Behind every plane and aircraft is the extensive and hard work of engineers who incorporate the latest scientific knowledge and technologies into their production. Aircraft engineers implement scientific and mathematical concepts to resolve commercial and practical problems. They design, test, maintain and supervise the making of aircraft. There are a lot of segments that they have to pay attention to when designing. The safe control and landing of aircraft always have been one of the most significant tasks of aerospace engineering. In this blog, we will write about reverse thrust, also known as thrust reverser, a control system found in many airplanes with jet engines that changes the direction in which air is exhausted from the engine.
How does thrust reverser work?
When an airplane is flying, its engines provide thrust by ejecting air in the opposite direction from the direction of the airplane’s movement. With enough thrust, the aircraft generates lift, which allows it to take off and stay in the air. The thrust reverser makes exactly what its name suggests, reversing the direction of the airflow to provide the opposite, decelerating force in the direction of the plane’s movement. Thrust reverser is used to reduce airspeed just after touch-down, which reduces wear on the brakes and provides shorter landing distances.
A thrust reverser is a system/part of the engine attached to the rear of the engine itself, over the exhaust system. Reverser with its components provides redirecting of fan exhaust during thrust reverser operations. When employed, it alters the direction in which air comes out of the airplane’s engines, enabling the airplane to slow down in anticipation of landing.
Various types of reverse thrust systems
There are various types of reverse thrust systems, some of which work in different ways. Target reverser, cascade reverser, cold stream are some of reverse thrust systems. Target reverser uses bucket doors to provide thrust reversal. Hydraulic actuators shift the bucket doors to redirect airflow at a forward angle.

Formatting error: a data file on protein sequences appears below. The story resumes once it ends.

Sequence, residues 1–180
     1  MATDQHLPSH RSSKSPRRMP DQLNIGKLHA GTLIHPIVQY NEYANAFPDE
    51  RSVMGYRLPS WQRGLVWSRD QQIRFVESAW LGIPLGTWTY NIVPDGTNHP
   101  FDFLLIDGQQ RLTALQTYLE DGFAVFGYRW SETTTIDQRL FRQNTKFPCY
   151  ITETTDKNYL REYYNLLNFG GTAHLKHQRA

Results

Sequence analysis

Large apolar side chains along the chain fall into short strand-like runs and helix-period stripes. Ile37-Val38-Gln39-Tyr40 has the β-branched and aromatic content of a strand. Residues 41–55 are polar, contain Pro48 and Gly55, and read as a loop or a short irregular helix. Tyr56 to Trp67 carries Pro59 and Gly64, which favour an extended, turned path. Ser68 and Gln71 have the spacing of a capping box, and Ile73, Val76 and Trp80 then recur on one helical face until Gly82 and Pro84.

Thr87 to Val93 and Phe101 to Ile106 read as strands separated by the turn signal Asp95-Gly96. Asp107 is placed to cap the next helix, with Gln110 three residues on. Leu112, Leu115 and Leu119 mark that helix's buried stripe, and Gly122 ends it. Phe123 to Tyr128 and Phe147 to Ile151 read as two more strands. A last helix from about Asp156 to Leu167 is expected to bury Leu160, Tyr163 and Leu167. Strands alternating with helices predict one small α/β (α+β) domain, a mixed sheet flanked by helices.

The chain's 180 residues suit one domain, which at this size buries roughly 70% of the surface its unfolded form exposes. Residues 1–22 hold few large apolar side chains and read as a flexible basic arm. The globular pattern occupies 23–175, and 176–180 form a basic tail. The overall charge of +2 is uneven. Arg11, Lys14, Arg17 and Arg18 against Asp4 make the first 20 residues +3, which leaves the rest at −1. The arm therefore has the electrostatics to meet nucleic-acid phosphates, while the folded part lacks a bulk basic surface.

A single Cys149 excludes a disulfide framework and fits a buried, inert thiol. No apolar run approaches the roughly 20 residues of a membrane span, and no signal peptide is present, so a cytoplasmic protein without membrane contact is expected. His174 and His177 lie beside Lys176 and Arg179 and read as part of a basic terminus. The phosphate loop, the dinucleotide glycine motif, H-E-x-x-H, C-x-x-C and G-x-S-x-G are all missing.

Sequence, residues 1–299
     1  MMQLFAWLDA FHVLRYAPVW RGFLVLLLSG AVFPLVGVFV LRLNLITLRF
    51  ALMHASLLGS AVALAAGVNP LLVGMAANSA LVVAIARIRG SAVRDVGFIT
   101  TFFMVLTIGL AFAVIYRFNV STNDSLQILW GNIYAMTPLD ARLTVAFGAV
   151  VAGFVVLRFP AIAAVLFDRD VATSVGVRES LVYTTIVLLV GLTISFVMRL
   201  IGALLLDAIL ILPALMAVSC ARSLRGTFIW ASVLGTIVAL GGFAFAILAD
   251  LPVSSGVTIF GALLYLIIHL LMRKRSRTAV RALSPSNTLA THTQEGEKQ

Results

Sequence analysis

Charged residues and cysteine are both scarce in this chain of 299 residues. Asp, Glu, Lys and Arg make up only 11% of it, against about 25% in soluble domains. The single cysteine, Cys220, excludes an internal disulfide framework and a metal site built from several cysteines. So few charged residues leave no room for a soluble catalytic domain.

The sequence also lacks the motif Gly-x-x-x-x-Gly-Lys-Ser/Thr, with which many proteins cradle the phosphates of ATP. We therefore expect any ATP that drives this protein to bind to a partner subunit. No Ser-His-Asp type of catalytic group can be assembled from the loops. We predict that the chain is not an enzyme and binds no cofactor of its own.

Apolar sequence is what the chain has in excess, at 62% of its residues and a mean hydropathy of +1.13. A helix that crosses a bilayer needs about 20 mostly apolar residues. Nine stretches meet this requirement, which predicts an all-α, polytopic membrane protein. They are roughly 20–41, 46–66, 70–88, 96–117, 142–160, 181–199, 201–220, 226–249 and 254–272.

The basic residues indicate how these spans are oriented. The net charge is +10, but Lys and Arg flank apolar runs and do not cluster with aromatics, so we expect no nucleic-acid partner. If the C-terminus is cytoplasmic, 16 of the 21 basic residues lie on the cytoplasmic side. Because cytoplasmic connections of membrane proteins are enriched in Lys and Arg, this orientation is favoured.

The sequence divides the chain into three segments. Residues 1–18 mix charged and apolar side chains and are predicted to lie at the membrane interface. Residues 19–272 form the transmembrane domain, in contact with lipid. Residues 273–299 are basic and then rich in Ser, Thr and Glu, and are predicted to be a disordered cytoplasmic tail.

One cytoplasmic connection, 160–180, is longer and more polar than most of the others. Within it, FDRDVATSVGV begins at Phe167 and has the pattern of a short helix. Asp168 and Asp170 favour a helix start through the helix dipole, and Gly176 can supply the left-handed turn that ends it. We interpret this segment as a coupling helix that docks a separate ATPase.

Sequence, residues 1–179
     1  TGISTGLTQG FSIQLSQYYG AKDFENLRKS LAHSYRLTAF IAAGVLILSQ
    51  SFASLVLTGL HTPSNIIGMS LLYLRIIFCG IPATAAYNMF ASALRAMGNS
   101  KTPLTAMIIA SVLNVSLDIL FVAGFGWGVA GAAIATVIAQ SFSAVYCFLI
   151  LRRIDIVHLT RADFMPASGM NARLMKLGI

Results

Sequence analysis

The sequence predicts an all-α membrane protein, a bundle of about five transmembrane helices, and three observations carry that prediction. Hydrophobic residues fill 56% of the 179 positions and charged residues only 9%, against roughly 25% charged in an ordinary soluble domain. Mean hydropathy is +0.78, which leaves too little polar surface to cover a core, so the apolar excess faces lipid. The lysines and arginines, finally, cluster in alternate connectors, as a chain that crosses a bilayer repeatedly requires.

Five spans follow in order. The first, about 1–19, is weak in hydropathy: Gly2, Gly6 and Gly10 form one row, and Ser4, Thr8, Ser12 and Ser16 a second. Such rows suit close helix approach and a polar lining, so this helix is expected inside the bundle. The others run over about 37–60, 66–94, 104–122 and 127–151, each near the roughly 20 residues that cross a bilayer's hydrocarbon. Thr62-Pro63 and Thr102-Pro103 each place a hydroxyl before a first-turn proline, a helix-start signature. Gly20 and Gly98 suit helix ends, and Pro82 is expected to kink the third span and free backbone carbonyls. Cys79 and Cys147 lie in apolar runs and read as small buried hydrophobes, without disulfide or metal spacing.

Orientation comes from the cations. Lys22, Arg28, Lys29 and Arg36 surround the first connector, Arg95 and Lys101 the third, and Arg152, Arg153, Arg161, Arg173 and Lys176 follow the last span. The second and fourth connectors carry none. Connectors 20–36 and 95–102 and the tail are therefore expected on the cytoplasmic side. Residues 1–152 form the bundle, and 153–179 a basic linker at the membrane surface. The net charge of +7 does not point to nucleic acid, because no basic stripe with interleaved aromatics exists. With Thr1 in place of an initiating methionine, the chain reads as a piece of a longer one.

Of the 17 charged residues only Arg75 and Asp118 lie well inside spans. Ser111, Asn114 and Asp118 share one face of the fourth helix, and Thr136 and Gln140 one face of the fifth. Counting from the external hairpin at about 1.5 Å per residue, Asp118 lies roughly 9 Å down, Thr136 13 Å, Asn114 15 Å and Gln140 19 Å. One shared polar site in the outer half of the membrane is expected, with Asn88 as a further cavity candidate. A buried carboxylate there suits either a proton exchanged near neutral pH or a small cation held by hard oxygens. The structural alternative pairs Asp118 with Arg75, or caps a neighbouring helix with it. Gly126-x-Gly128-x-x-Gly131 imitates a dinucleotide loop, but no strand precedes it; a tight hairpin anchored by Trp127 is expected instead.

Cascade reverser involves blocking doors installed adjacent to openings near the fan cowl’s aft edge. These blocking doors obstruct the normal flow of air and redirect it out of the openings at a sideward angle. It is most typically installed on high bypass ratio turbofan engines.
Cold stream works by redirecting bypass airflow utilizing doors installed in the bypass duct. The doors, activated by an air motor, block the cold stream final nozzle and push airflow forward out of cascade vanes.
Thrust reverser importance
Each of these three reverse thrust systems is relevant to the appropriate type of aircraft that it services, so expertise in all of them assists in MRO industry.
It is essential to test reversers before a flight to guarantee proper operation. If the reversers were to fail and “unlock” after takeoff, the aircraft might become uncontrollable within seconds. Under standard conditions, reverse thrust usually isn’t required after landing, as the plane’s braking system will serve, but the crew uses it in most cases for reasons stated in first paragraph. Yet, in unfavorable conditions such as rain and snow, reverse thrust can be critical as brakes are much less efficient.
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